There's a small article in the Spring 2015 Royal Academy magazine about new books encouraging artists (and I would say anyone) to play. As my practice has a strong element of process-led experimentation this subject interests me. The new books mentioned are Time to Play by Katarzyna Zimna - an art theory book, Drawing and Painting by Kate Wilson, and some very practical ones Unlearning to Draw by Peter Jenny and Akademie X - lessons in art and life. The one I think i'll look up first is The Process by Judith and Richard Wilde who've built a foundation course around ideas of play in art.
I like the writing of the guardian columnist Oliver Burkeman a lot and especailly how he bering to the mainstream latest psychological research findings. Last weekend he explored the theme of ambivalence, its good and bad points and it's difference from "don't know". This is a theme I explore in my work - especially in the ongoing collaboration with poet and psychotherapist Elaine Randell e.g. In Her Caravan. Here's a link to the article & on twitter he's @oliverburkeman).
In January I was lucky to get a ticket for Werner Herzog's recent conversation with Paul Holdengraber in London - the atmosphere was electric and like going to a gig. From Death Row to Romanticism the talk was in-depth and inspiring as Paul's a great interviewer and brings in much humour as they've talked together publicly many times before. (Indeed Paul's podcast interviews from the New York Public Library are well worth a listen - I've started with Mike Tyson! http://www.nypl.org/node/121031)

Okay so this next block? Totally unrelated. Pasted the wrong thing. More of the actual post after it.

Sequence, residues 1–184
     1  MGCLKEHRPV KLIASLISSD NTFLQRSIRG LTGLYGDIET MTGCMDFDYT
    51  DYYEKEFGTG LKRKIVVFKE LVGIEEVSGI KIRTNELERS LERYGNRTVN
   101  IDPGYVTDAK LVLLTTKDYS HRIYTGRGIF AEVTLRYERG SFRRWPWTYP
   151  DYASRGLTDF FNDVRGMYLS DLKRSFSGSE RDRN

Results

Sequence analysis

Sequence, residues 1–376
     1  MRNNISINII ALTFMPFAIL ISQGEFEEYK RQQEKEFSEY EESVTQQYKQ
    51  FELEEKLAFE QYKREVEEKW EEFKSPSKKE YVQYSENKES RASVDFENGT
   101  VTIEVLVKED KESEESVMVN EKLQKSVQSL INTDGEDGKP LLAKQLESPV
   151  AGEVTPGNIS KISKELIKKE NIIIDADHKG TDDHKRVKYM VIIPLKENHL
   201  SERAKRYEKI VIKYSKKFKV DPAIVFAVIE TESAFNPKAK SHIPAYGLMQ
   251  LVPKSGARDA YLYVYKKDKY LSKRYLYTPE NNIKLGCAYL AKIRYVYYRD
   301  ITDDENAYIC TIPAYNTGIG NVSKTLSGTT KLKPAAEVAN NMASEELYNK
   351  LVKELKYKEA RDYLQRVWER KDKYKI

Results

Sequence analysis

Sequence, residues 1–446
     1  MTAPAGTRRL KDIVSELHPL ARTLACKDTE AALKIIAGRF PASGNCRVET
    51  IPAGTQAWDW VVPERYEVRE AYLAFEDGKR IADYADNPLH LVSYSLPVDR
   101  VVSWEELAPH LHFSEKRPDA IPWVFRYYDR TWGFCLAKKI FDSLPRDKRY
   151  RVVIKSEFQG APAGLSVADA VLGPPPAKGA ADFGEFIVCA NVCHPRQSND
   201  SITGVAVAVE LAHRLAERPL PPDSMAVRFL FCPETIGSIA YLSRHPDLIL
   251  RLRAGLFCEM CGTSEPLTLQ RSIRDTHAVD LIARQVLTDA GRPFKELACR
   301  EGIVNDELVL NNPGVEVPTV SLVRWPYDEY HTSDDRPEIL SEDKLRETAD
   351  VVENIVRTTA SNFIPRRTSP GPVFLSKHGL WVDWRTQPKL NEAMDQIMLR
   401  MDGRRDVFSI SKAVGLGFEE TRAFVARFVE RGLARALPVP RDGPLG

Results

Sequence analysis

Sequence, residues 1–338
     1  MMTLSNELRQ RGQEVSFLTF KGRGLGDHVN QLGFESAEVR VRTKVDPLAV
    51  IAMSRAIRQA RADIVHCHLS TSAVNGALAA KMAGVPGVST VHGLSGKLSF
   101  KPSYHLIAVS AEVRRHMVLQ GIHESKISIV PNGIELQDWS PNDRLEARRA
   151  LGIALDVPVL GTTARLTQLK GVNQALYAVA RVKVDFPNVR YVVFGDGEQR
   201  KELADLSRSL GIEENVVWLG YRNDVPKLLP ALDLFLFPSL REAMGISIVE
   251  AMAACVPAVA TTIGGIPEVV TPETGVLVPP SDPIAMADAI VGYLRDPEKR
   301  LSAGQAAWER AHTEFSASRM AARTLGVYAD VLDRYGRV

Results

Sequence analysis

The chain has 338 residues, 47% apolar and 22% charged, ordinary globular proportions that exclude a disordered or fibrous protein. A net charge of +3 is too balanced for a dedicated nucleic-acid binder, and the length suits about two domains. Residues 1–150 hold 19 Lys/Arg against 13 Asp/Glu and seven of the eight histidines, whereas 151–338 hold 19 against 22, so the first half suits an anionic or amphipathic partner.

I've watched some Herzog before (Grizzly Man - I'm always fascinated by stuff looking at our changing collective and individual relationship with nature and animals) - and am now catching up on what else I've missed. This will be helped by the hefty tome of A Guide to the Perplexed - by another Paul, Paul Cronin in conversation with Herzog - just out in hardback by Faber and Faber.